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Chuan Hou, Gabriela Acevedo Munares; Perceptual learning with attention tasks improves contrast sensitivity in V1 of human adults with amblyopia. Invest. Ophthalmol. Vis. Sci. 2021;62(8):160.
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© ARVO (1962-2015); The Authors (2016-present)
The neural correlates of perceptual learning in amblyopia remain unclear. The specificity of task orientation in behavioral studies is commonly interpreted as evidence that perceptual learning reflects plasticity in the primary visual cortex (V1). However, physiological evidence for this assumption is modest or controversial. To reveal neural correlates of perceptual learning, we measured contrast sensitivity in V1 of human adults with amblyopia using fMRI-informed EEG source imaging before and after perceptual learning.
A group of adults with amblyopia was trained using dichoptic attention tasks for about 2 visits/week for 2 months. The training task was to quickly search for and count the number of Targets presented in the trained eye while simultaneously being presented with Distractors in the untrained eye through a mirror stereoscope. We arranged 90% of trials with Targets in the amblyopic eye and only 10% of trials with Targets in the non-amblyopic fellow eye in each training session. We expected to improve attentional deployment considerably in the amblyopic eye. Contrast response function in each eye was measured by 128-channel swept parameter visual evoked potential (sVEP) before and after training. Contrast threshold was defined by using the regression to zero amplitude approach. V1 was defined by structure and fMRI in a separate session from EEG recordings. Contrast sensitivity (1/threshold) in V1 was compared in each participant pre and post training.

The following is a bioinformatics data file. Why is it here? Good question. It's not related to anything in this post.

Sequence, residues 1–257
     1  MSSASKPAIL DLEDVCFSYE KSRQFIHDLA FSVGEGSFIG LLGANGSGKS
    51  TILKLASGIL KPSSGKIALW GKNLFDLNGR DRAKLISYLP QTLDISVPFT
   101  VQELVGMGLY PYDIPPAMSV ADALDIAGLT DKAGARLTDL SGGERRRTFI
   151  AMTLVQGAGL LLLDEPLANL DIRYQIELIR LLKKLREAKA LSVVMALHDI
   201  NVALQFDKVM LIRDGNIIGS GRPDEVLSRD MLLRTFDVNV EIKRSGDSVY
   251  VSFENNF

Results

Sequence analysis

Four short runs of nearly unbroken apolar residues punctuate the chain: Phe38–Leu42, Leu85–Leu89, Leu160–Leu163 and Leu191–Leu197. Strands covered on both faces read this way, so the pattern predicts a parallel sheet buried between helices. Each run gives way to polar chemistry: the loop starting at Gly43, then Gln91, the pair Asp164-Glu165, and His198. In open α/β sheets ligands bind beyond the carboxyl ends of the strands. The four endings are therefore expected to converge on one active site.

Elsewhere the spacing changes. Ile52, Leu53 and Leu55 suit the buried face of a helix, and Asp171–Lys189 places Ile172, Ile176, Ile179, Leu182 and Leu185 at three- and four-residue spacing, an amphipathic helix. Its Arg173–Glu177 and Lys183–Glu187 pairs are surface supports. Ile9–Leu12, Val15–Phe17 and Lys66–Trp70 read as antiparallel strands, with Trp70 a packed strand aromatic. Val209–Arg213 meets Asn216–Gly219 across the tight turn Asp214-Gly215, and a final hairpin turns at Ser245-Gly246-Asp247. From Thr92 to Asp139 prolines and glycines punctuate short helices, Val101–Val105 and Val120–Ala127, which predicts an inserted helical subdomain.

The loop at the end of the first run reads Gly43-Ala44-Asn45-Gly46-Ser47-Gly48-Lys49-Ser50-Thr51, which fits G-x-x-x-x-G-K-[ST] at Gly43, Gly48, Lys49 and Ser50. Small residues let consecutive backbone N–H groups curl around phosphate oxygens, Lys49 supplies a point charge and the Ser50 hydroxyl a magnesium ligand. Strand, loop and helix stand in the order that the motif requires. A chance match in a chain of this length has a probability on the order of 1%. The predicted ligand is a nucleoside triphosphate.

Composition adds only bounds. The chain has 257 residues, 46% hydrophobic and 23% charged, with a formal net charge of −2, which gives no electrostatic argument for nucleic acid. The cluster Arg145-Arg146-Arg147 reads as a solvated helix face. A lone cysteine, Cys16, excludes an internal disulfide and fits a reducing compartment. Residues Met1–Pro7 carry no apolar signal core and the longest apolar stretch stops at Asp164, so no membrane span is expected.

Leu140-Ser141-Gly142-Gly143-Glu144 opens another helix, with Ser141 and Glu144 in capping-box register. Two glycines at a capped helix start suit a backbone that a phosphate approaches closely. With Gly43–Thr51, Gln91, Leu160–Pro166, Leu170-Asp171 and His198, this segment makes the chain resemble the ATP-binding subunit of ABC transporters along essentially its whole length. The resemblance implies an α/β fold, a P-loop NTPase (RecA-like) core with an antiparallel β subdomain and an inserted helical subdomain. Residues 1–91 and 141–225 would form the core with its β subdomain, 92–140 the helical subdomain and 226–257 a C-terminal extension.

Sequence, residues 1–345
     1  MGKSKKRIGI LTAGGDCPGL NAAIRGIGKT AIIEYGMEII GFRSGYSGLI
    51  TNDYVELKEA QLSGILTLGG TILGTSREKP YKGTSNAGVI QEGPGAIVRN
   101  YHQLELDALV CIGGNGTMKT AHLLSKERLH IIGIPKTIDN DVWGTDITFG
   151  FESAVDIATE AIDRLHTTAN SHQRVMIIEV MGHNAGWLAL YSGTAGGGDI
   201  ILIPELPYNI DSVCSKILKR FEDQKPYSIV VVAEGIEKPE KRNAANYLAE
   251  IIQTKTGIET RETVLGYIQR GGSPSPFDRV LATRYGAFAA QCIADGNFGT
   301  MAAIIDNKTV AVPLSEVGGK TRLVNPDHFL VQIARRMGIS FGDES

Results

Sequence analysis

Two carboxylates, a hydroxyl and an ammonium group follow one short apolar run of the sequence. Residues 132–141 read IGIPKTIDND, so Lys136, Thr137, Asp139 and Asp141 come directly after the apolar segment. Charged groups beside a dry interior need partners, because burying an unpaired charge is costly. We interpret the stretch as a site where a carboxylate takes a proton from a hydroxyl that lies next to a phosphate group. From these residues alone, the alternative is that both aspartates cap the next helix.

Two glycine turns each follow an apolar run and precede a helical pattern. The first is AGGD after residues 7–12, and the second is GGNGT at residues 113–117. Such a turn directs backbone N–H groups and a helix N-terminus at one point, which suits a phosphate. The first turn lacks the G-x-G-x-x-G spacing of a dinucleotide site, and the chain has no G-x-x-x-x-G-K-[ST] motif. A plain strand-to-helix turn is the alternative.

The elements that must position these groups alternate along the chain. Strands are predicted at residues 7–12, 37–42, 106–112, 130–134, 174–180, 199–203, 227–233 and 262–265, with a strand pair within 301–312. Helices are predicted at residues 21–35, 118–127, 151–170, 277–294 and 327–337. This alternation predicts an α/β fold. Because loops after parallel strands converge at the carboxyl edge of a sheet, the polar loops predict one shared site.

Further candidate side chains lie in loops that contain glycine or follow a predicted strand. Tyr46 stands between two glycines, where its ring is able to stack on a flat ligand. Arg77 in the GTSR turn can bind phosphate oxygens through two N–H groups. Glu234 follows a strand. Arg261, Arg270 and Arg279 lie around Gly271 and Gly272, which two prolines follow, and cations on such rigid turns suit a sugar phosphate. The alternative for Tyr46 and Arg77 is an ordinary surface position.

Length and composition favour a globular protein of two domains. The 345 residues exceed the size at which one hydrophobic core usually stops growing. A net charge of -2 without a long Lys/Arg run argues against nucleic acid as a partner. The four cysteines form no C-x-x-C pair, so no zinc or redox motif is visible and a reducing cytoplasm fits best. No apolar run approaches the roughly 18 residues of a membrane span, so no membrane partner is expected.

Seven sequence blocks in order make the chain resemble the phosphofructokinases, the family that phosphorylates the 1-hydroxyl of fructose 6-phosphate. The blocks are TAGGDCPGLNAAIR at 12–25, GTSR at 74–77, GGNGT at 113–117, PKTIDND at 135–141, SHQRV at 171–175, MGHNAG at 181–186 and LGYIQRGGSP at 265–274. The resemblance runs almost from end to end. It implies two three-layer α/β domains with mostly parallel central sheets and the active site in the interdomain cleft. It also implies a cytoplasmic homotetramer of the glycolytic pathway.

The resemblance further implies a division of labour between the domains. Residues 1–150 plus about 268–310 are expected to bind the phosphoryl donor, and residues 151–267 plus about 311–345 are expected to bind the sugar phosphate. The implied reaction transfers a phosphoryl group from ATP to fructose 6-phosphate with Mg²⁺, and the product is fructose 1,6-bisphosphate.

Contrast sensitivity in V1 improved for both the amblyopic and the fellow eye of adults with amblyopia after perceptual learning with attention tasks. The improvement was greater in the amblyopic eye than that in the fellow eye. We did not find significant difference in improvement between anisometropic and strabismic subgroups. Contrast sensitivity improvement in V1 indicates learning effect by enhancing attentional deployment in the amblyopic brain.
Perceptual learning with attention tasks improves contrast sensitivity in V1 of human adults with amblyopia. Our results suggest that top-down mechanisms play an important role in perceptual learning-induced plasticity in early visual cortex.
This is a 2021 ARVO Annual Meeting abstract.
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